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I am trying to convert my tree-dvips trees into something that is compatible with xelatex. I had a look at the tikz-qtree package, but it seems to be impossible to set complex nodes.

In the old qtree package there was a low level syntax that I could use (leaf, branch, ...), but this seems to be gone. In tree-dvips I just put the complex stuff inside of \node{...}, but how do I do this with tikz-qtree?

\documentclass{scrbook}

\usepackage{tikz-qtree}

\begin{document}

This is some text and the figure should be the size of the text not larger and not smaller.
\begin{figure}[h]
\begin{tikzpicture}
\Tree[.{V[\begin{tabular}[t]{@{}l@{}}
             spr eliste,\\
             comps eliste ]
             \end{tabular}} [.NP dogs ] [.V sleep] ]
\end{tikzpicture}

\end{figure}

This is some text and the figure should be the size of the text not larger and not smaller.

\end{document}

Edit: Tried to do without the tabular environment, but adding the left/north option gives me a funny result. Look at the "man" in the following figure. It is too much north.

\documentclass{scrbook}

\usepackage{tikz-qtree}
\tikzset{every tree node/.style={align=left, anchor=north}}

\begin{document}

\begin{tikzpicture}
\tikzset{level 1+/.style={level distance=3\baselineskip}}
\tikzset{frontier/.style={distance from root=12\baselineskip}}
\Tree[.{V[{\sc comps} { }]}
          [.{{1} NP} man ]
          [.{V[{\sc comps} { {1} }]} 
               [.{{2} NP} ketābāro ]
               [.{V[{\sc comps} { {1}, {2} }]}
                    [.{{3} PP} \edge[roof]; {be Sepide} ]
                    [.{V[{\sc comps} { {1}, {2}, {3} }]} dādam ]
               ]
          ]
]
\end{tikzpicture}

\end{document} 
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2 Answers 2

up vote 1 down vote accepted

I am not sure if this is what you want to achieve:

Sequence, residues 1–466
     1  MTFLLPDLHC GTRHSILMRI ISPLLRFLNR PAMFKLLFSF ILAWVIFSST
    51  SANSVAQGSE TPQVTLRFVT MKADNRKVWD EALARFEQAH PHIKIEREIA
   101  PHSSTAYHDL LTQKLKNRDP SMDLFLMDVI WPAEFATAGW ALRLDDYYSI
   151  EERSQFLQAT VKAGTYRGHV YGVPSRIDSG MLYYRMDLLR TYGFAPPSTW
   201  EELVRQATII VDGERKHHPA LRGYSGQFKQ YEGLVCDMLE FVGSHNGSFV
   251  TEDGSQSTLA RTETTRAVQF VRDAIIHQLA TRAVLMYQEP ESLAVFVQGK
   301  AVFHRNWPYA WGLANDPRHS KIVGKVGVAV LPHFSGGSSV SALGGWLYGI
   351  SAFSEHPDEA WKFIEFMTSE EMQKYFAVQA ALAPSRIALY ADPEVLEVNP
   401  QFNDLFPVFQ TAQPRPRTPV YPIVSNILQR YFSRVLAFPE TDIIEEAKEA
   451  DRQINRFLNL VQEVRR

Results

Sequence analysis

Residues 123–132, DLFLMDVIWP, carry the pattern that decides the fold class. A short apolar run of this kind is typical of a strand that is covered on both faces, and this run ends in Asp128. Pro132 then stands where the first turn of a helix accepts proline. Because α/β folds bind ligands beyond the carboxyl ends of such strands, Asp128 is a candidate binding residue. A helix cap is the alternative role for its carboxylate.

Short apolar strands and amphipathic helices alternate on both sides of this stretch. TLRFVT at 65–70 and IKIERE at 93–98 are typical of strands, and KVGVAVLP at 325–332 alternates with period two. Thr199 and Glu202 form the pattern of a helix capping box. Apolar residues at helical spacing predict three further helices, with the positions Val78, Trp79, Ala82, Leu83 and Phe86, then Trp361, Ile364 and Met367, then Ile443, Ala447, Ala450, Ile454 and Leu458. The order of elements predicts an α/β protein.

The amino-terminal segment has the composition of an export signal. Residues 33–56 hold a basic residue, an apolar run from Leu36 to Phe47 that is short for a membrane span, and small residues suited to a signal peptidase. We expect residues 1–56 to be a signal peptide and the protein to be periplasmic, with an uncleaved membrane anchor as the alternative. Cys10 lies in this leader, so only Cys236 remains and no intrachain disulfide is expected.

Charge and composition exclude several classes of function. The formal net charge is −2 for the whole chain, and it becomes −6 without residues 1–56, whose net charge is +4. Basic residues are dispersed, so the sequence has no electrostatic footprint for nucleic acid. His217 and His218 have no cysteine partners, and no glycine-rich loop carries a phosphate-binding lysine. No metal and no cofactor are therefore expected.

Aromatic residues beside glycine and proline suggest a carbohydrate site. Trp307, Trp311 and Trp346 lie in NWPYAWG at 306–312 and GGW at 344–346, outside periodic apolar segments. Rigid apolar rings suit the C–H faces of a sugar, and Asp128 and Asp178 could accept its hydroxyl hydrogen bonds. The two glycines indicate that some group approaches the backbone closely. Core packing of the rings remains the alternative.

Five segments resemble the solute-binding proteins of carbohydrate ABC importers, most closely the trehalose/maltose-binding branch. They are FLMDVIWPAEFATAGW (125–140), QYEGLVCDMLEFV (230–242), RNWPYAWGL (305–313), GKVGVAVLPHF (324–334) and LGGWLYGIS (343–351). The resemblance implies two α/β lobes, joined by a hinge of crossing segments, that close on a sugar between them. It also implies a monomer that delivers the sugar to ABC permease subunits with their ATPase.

\documentclass{scrbook}
\usepackage{tikz-qtree}

\begin{document}

This is some text and the figure should be the size of the text not larger and not smaller.

\begin{figure}[!ht]
\begin{tikzpicture}
\Tree [.V [.{\begin{tabular}[t]{@{}l@{}} spr eliste \\ comps eliste \end{tabular}} ] [.N tree ] ]
\end{tikzpicture}
\end{figure}

This is some text and the figure should be the size of the text not larger and not smaller.

\end{document}

enter image description here

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Thank you very much! I am really impressed by the speed in which one gets things done with stackexchange! Thanks all of you! My mistake was the missing space before ]. I always thought my complex table was the problem. –  Stefan Müller Sep 11 '12 at 19:54
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There's no need to wrap your complex node in a tabular environment. TikZ allows nodes to contain newlines provided you specify an explicit alignment for the text in the node.

So add the following line to your document:

\tikzset{every tree node/.style={align=left, anchor=north}}

or

\tikzset{every tree node/.style={align=center, anchor=north}}

And you don't need to use the tabulars at all.

\documentclass{scrbook}

\usepackage{tikz-qtree}
\tikzset{every tree node/.style={align=left, anchor=north}}
\begin{document}

\Tree [.V [.{[spr eliste \\ comps eliste]} ] [.NP dogs ] [.V sleep ] ] 

\end{document}

output of code

With respect to your edit, using anchor=north isn't appropriate for terminal nodes of the tree if you need the nodes to line up on a baseline. (I don't usually draw trees this way, so I wasn't thinking much about that.)

You can solve this problem by using:

\tikzset{every internal node/.style={align=left, anchor=north}}

or

\tikzset{every internal node/.style={align=center, anchor=north}}

The internal node key targets all the non-terminals in the tree.

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Yes, but then "spr" and "comps" are not aligned. Maybe it is better to add space that corresponds to the width of "[" rather than using the tabular environment. –  Stefan Müller Sep 12 '12 at 11:57
    
Ok. It wasn't clear from your question whether you were using the tables for alignment or simply to allow line breaks in your node labels. If you need alignment, then the tabular is the way to go. For this kind of thing, I usually use a macro. See (the answers to) Understanding a \@for loop for an example of one that I use. –  Alan Munn Sep 12 '12 at 14:55
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